Lower trim levels are powered by a turbocharged 2.0-liter four-cylinder engine that makes 280 hp and 306 lb-ft of torque. The Quadrifoglio is equipped with a 2.9-liter twin-turbo V6 engine with 505 hp and 443 lb-ft of torque.

Think of the Stelvio hatchback as a taller version of the Giulia. It uses the same 2.0-liter four-cylinder engine as the Giulia, and the Quadrifoglio model has the 2.9-liter V6. Prices range from $41,440 for the base rear-drive version up to $81,590 for the all-wheel drive Quadrifoglio. Transmissions are eight-speed automatics with manual-shift modes.

With the resulting publicity from the event in Pontiac, Mich., no doubt at least some buyers with deep pockets or high credit ratings will become aware of the plush and high-performing Maserati Levante crossover and the company’s other offerings. The same should be true for the better-known Alfa Romeo Giulia and Stelvio.

Neither vehicle line has had a huge impact in the U.S. marketplace so far. In 2017, Alfa Romeo stores sold a total of 12,031 vehicles, including 407 4Cs, 8,903 Giulias and 2,271 Stelvios. Maserati’s total was 13,697, including 8,249 cars and 5,448 Levante crossovers.

Disclaimer: This test drive was conducted at a manufacturer-sponsored press event. The manufacturer provided travel, accommodations, vehicles, meals and fuel.

Photos (c) FCA North America.

Automobility LA and the Los Angeles Auto Show

by Jason Fogelson

Last week, I attended the press days for the 2017 Los Angeles Auto Show. Actually, there was a change this year. The traditional press days have been subsumed by a new event, an industry trade show called “Automobility LA.” This new event combined the expected press conferences and new model reveals with the previously separate Connected Car Expo that had preceded the auto show. Instead of two days of back-to-back events, I was now faced with four days of reveals interspersed with keynote addresses, panel discussions and presentations from technology companies in addition to the automotive OEMs. Many of the auto companies chose to move their reveals off-site, competing for attention by diverting journalists away from the main venue at the Los Angeles Convention Center. It turned the whole week into a bigger slog than usual, compounded by the rampant exchange of germs that left me and a number of my colleagues sick as dogs with the LA Auto Show Grippe.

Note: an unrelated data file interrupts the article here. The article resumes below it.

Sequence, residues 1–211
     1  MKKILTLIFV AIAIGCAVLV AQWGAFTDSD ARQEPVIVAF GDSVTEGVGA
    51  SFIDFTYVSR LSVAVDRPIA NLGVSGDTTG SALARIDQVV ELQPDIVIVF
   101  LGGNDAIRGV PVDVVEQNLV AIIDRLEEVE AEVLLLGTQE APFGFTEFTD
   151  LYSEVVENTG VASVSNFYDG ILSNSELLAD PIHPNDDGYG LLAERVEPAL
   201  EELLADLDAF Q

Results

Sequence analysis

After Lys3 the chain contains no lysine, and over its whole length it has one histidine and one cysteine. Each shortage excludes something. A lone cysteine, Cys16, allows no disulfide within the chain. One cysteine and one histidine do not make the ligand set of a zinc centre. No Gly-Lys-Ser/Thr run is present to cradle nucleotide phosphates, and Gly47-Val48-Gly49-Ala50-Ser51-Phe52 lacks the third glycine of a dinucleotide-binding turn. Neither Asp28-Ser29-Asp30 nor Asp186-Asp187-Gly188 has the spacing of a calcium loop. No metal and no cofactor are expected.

I did manage to get some work done during the week, though. I was part of Autobytel’s team, helping to produce this Must See Vehicles at the LA Auto Show, and I put together this list of Must See Crossovers and SUVs at the LA Auto Show.

I also did a few executive interviews for Reid Bigland of Maserati; and Don Swearingen of Mitsubishi.

Also coming soon: a review of the 2017 Lamborghini Huracån RWD, and an interview with some of the Lambo execs.

So, despite the Grippe, it was a pretty good LA Auto Show.

2016 Maserati Quattroporte S Test Drive and Review

by Jason Fogelson

Sometimes my job as an automotive journalist makes me feel like a chameleon. I have to slip in behind the wheel and take on the characteristics of my surroundings.

I will probably never own a Maserati, but I got to spend ten days driving one around Los Angeles recently. I had to imagine what it would be like to own a Quattroporte, and put myself into the mindset of someone who chose an Italian performance luxury sedan over all the other choice available.

I can get used to luxury very quickly, and I can easily imagine how someone with the means might decide that the Quattroporte S represented the automotive expression of their self-image. Because that’s what a car can be — a statement to the world around you that you deserve a performance luxury vehicle, and that it represents how you want to be perceived.

You can read my review of the 2016 Maserati Quattroporte S on

Photo (c) Jason Fogelson